Collaborative research shows the robustness of robotics in growing stem cells
Australian collaborative research has demonstrated how robotics can grow high quality stem cells.
Collaborative research from multiple Australian universities and research centres including the University of Melbourne, Centre for Eye Research Australia (CERA), University of Queensland, Garvan Institute, University of Tasmania, CSIRO and Monash University has precisely characterised the gene expression profile of induced pluripotent stem cells (iPSCs) maintained through robotics on two specialised culture media types. The study describes very similar expression of core pluripotency genes irrespective of media use.
This research was co-led by University of Melbourne and CERA PhD student Maciej Daniszewski and University of Queensland senior research officer Dr Quan Nguyen.
In 2007 scientists discovered that mature skin cells (fibroblasts) could be reprogrammed into iPSCs, and subsequently differentiated into any cell type present in the body. iPSCs have transformed the stem cell industry by allowing researchers to study diseases in a dish, as well as identifying new drug candidates and testing drug toxicity.
The research team investigated how two media compared in the maintenance of iPSC pluripotency when used on an automated platform. The advantage of automation over traditional manual maintenance of cells is that it allows standardisation of all procedures performed and eliminates risk of human error, which helps to limit the variation between samples. This is important for analysis of the results as it reduces “noise”, which could potentially obscure interpretation. Moreover, it also allows growth of larger cohort of samples in parallel which allows researchers to conduct other experiments while the stem cells are being maintained.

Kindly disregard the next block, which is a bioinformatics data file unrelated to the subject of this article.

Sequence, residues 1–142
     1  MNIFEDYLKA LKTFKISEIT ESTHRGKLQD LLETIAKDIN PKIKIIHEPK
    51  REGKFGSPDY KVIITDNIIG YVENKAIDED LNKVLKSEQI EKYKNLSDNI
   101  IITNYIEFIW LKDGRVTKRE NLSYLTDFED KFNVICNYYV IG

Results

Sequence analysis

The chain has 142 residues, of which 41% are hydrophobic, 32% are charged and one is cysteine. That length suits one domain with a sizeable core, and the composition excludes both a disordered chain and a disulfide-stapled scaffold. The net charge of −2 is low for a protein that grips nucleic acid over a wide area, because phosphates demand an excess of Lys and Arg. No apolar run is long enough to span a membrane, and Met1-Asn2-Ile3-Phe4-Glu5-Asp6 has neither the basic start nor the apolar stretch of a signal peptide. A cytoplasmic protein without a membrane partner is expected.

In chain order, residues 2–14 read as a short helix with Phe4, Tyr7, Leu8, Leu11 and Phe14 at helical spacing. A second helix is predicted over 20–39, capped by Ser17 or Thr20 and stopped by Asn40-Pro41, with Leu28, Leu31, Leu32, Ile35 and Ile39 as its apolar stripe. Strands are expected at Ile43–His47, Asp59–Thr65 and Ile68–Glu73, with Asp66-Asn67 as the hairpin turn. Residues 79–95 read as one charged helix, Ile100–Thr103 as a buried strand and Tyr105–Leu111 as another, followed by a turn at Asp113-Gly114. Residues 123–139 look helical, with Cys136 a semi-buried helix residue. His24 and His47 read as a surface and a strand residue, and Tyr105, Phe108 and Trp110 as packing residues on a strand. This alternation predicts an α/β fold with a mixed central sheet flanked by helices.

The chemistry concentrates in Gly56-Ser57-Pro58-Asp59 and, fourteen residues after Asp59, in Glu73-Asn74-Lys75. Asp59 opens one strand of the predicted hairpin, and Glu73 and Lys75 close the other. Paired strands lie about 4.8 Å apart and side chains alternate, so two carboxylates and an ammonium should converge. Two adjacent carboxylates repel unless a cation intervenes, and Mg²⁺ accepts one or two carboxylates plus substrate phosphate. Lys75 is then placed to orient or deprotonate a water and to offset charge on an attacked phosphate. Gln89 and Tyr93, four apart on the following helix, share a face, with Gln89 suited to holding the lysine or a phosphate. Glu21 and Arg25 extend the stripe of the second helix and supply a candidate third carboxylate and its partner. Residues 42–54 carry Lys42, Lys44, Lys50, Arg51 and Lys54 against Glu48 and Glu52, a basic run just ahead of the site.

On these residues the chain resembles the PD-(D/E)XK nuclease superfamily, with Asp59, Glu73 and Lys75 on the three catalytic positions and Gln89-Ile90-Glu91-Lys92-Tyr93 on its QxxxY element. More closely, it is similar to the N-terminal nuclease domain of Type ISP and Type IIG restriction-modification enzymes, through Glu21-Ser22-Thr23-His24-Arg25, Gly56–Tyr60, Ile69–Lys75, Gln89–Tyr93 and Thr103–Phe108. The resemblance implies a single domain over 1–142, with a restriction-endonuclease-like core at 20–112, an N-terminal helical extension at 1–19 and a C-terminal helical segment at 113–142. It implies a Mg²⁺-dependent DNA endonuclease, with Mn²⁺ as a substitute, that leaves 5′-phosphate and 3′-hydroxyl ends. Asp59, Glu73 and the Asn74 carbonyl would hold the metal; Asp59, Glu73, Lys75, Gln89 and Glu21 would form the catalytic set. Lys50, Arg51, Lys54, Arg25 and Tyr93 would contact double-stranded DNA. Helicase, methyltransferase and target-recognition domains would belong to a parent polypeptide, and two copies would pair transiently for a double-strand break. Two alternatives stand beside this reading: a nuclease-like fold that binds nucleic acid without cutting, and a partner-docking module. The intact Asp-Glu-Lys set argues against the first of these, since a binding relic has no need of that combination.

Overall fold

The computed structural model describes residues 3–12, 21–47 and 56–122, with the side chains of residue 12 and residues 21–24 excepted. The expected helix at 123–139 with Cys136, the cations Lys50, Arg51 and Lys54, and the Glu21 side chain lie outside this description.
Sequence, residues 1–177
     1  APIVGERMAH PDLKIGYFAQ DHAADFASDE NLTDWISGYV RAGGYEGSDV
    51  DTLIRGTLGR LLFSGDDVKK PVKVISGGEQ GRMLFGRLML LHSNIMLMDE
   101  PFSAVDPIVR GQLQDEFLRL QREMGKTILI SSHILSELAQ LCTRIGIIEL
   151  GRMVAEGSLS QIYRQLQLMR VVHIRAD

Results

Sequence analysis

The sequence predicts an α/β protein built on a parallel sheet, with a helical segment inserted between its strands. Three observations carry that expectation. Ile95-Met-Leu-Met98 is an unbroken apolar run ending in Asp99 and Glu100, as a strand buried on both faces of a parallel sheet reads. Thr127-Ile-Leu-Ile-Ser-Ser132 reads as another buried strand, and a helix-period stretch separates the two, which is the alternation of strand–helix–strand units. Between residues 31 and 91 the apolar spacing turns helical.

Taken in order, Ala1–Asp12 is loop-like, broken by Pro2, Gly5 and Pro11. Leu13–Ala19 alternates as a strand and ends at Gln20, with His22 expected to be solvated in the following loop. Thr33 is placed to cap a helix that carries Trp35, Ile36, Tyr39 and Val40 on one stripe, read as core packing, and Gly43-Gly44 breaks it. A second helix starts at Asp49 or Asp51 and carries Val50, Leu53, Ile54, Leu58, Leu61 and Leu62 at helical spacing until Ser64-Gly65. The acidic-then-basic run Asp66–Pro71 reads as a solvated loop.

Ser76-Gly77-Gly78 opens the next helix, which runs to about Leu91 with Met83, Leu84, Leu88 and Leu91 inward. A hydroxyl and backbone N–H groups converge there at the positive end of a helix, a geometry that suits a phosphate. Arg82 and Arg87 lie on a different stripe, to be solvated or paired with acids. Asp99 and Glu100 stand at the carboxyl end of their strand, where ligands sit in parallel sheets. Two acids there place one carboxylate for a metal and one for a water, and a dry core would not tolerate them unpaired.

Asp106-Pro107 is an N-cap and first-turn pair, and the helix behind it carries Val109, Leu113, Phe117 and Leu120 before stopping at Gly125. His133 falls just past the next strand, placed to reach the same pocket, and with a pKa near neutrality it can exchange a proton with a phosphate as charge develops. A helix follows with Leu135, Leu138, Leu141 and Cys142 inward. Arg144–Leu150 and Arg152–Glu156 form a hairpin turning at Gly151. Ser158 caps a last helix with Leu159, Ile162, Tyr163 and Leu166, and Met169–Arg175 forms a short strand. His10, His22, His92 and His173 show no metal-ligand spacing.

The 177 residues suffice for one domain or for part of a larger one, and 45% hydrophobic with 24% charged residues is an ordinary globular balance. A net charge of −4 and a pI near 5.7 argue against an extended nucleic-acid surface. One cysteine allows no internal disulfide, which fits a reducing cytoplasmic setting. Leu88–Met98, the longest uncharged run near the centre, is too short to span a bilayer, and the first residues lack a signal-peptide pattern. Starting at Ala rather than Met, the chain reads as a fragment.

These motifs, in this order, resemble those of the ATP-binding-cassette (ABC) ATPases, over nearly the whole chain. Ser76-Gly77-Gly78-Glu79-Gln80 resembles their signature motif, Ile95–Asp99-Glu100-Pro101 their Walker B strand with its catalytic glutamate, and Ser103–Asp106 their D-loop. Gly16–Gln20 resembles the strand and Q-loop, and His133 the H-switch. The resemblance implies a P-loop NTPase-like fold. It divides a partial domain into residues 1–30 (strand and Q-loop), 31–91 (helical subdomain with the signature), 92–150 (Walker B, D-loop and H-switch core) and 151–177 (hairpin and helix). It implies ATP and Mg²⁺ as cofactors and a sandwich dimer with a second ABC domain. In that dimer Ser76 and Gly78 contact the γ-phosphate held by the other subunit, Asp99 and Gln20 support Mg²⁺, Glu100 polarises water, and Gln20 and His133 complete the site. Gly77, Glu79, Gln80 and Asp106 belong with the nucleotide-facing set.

Utilising a technique known as single-cell RNA sequencing, the research team observed that the iPSC lines studied showed high degree of similarity, irrespective of the media used to grow the cells.
This research was the result of collaboration between Stem Cells Australia members. The Pébay lab and Hewitt lab reprogrammed patient fibroblasts into iPSCs, which were subsequently analysed in collaboration with the Laslett lab for expression of pluripotency markers, and with the Powell lab for the single cell RNA sequencing analysis.
For more information, read the paper.